No studies have provided statistical evidence of the relationship between comorbidities and locomotive syndrome (LS). We therefore investigated the association of comorbidities with the 25-question Geriatric Locomotive Function Scale (GLFS-25) and the diagnosis of LS in community-dwelling residents.
This cross-sectional study was conducted on 2612 community-dwelling residents (≥40 years old) who attended a ‘basic health checkup’. There were 432 participants with comorbidities (45 with cerebrovascular diseases, 133 with cardiovascular diseases, 83 with pulmonary diseases, 108 with renal diseases, and 63 with multiple diseases) and 2180 participants without comorbidities. Subjects with a GLFS-25 total score of ≤6 points, 7–15 points, 16–23 points, and ≥24 points were diagnosed with non-LS, LS-1, LS-2, and LS-3, respectively. The domain scores covered body pain (items 1–4), movement-related difficulty (items 5–7), usual care (items 8–11 and 14), social activities (items 12, 13, and 15–23), and cognition (items 24 and 25). A multivariate regression analysis and multivariate logistic regression analysis were performed to assess the association between the GLFS-25 scores and comorbidities and between the diagnosis of LS and comorbidities after adjusting for age, sex, body mass index, and smoking status.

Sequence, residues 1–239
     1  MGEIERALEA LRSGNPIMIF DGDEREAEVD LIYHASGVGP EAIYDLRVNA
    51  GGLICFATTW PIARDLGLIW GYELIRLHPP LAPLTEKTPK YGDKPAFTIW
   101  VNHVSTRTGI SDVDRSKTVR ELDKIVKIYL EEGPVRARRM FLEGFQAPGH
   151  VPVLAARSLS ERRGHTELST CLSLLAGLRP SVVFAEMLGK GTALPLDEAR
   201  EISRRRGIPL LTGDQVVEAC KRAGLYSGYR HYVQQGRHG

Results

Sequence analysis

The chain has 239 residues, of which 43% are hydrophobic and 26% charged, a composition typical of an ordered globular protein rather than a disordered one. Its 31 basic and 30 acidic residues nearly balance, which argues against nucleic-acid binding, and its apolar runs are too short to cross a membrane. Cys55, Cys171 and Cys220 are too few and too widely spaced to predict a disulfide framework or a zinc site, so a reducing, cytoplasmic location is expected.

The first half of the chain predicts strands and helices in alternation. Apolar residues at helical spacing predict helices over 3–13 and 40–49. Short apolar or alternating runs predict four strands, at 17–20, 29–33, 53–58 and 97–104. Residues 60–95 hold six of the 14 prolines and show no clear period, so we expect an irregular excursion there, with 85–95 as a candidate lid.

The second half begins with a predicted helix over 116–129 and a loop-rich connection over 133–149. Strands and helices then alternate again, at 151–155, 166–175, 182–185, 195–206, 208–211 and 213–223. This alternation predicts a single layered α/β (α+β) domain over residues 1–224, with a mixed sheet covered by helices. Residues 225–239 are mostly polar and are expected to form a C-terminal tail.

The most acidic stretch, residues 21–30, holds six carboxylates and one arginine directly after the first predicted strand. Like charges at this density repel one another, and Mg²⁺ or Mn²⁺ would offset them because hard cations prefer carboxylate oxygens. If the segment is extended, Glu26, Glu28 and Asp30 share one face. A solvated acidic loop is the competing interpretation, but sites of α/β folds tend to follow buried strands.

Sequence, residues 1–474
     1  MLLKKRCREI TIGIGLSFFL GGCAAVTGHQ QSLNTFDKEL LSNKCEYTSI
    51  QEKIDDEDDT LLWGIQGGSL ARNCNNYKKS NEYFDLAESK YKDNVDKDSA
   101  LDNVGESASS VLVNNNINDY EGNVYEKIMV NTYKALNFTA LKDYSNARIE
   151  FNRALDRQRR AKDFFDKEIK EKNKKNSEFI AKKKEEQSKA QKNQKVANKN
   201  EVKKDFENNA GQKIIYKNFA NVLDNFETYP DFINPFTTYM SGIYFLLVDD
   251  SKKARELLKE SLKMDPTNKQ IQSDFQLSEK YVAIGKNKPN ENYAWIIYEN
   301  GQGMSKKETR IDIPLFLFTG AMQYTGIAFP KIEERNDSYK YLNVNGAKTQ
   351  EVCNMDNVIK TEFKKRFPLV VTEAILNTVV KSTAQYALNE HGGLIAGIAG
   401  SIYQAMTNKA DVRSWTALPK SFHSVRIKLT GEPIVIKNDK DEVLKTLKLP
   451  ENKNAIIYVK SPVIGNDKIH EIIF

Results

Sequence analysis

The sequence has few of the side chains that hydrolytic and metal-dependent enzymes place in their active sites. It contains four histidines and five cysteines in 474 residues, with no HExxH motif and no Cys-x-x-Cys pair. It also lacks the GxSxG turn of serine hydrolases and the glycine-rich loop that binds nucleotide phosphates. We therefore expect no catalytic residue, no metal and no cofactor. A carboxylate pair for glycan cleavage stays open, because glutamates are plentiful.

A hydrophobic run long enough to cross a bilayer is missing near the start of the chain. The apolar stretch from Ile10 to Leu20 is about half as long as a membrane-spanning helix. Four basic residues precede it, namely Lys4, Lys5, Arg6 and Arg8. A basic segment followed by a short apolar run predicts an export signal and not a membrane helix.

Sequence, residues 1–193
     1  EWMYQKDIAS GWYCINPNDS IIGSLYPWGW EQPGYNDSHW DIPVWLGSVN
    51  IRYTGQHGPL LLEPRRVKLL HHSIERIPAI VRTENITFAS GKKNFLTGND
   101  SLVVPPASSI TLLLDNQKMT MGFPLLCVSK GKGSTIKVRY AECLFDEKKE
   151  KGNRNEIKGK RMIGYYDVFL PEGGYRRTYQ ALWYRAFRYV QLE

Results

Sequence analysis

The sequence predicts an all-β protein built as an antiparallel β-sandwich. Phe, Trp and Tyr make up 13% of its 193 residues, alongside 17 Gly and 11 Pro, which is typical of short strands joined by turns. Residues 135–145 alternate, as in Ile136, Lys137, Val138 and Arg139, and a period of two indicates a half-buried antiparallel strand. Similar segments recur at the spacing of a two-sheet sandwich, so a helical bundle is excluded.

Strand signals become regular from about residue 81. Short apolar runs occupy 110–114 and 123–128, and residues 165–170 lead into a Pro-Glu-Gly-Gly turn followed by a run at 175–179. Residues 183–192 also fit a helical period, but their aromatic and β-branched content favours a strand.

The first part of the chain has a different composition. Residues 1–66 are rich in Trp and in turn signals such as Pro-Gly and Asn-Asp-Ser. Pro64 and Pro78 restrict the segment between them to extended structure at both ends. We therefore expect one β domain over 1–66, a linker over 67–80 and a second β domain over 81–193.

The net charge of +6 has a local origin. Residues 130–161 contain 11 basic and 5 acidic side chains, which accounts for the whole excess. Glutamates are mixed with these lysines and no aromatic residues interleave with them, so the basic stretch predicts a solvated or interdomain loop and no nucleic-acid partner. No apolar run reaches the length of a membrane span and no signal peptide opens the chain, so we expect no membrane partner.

A multivariate regression analysis showed that comorbidities were significantly related to the GLFS-25 total score and all domain scores. A multivariate logistic regression analysis revealed that comorbidities were significantly related to a diagnosis of LS-1 or more, LS-2 or more, and LS-3 or more.
Comorbidities were associated with increased GLFS-25 domain scores and total score and consequent diagnosis of LS. Therefore, attention should also be paid to the presence of comorbidities when diagnosing LS. Nevertheless, the causal relationship between comorbidities and the GLFS-25 remains unclear, and further studies are therefore required.
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Published online: January 03, 2022
Accepted: November 17, 2021
Received in revised form: October 31, 2021
Received: July 6, 2021
© 2021 The Japanese Orthopaedic Association. Published by Elsevier B.V. All rights reserved.